California’s Proposition 19 would authorize possession of one ounce of marijuana for personal consumption by people twenty-one and older, legalize marijuana use in private homes, and allow marijuana growth in private residences for personal use. Supporters of Proposition 19 argue that legalizing and taxing marijuana could help the cash-strapped state and reduce arrests of nonviolent drug offenders, who are disproportionately Black and Latino youth. We speak to California NAACP president Alice Huffman. [includes rush transcript]
This is a rush transcript. Copy may not be in its final form.
AMY GOODMAN: Well, I want to thank you very much, Laura Wells, for being here. Tim Redmond, I want to get a quick take on you on the marijuana proposition, and then we’re going to go to the NAACP after break on what they feel about it.
TIM REDMOND: Yeah, it’s the — Proposition 19 would legalize marijuana in California, but in a very interesting way. Instead of a statewide measure that says California is now legal — marijuana is now legal in California, Prop 19 says that local communities, cities and counties, have the right to legalize pot if they want and to regulate it and — and this is key — tax it, if they want and the way that they want. Now, the fascinating thing about this is, as everybody knows, marijuana is California’s number one cash crop, probably $20 billion a year, and it’s all going completely untaxed, except for the communities that have placed modest taxes on medical marijuana, which is an issue in itself, of course. If you treat marijuana as medicine, why are we taxing it? Well, what this would allow is it would allow communities to say, "We are going to allow people to buy and sell small amounts of marijuana, and we’re going to take a cut of that," the same way there’s a tax on liquor and there’s a tax on cigarettes.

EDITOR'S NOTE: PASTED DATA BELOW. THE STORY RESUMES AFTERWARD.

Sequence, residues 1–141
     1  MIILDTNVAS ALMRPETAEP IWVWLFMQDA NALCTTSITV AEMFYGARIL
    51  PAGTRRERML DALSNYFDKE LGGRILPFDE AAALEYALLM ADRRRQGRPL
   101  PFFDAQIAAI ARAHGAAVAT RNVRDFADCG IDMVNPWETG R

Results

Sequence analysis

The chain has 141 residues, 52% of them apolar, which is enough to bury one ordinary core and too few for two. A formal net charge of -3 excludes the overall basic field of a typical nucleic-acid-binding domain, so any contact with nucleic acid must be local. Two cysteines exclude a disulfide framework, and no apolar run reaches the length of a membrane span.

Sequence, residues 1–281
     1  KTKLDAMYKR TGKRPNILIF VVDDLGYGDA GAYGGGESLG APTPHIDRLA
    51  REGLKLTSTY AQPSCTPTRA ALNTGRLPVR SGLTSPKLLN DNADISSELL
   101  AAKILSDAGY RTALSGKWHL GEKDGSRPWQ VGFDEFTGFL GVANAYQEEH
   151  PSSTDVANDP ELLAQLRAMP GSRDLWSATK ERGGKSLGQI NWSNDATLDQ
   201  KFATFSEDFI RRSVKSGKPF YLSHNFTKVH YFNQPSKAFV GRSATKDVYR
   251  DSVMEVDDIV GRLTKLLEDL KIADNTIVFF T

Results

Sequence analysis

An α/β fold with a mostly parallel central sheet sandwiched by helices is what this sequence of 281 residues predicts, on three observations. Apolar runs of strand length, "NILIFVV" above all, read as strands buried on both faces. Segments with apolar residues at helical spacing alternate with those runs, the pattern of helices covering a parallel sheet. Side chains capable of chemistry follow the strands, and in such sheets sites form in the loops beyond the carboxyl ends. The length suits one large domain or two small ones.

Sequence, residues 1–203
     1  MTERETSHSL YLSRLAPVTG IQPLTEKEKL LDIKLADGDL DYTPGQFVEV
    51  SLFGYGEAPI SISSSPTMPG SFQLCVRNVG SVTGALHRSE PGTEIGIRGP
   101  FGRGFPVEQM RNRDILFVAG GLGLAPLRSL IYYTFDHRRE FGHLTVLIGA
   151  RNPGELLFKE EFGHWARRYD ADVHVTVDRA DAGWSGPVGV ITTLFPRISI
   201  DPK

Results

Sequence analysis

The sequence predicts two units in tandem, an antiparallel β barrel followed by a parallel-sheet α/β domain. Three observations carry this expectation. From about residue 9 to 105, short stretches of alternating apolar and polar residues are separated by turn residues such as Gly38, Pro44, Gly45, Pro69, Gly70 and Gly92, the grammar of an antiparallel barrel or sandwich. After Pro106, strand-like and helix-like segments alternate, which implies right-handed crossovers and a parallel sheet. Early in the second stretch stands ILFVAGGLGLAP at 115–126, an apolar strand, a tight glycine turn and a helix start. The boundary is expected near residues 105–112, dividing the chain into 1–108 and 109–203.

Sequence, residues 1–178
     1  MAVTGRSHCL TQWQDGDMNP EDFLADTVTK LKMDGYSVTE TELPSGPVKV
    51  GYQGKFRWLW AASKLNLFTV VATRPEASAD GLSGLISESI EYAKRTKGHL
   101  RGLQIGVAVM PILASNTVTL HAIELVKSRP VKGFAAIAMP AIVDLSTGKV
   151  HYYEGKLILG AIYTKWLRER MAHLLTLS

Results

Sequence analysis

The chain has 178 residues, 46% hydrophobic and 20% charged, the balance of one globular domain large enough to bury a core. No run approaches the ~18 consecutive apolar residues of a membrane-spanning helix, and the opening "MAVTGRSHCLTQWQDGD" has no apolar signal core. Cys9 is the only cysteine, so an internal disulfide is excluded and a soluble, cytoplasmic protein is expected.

Oakland, for example, is already preparing for this. Oakland has a couple of ballot measures that would start implementing Prop 19, assuming that it passes. And it looks right now like it might. It’s slightly ahead in the polls. It might actually pass. Oakland has about a $40 million budget deficit. I was talking to one of the mayoral candidates the other day, and she said, "You know, according to some studies, if we legalize marijuana and legalize industrial-level hemp growing and cannabis growing, we could bring in $30 million a year. There goes the budget deficit." So, the idea here that California would be able to use marijuana — and local cities, that have been starved by the state and starved by the federal government — I mean, the real economic crisis in terms of government in California is happening in cities and counties, where the services are actually delivered and where the state has cut off all of this funding year after year after year. The idea that we might actually be able to bring in some tax revenue from marijuana, and at the same time end a significant part of the war on drugs that is clogging the prisons, that is clogging the court systems, it would be an extraordinary statement.
AMY GOODMAN: I want to thank you, as well, for being with us, Tim Redmond. We’ll link to your work at the San Francisco Bay Guardian. This is Democracy Now!, democracynow.org, the War and Peace Report. We’re going to continue the discussion on Proposition 19 when we come back, and then Proposition 23, a ballot initiative that would effectively repeal California’s landmark global warming emissions law. This is Democracy Now! We’re broadcasting from San Francisco. Stay with us.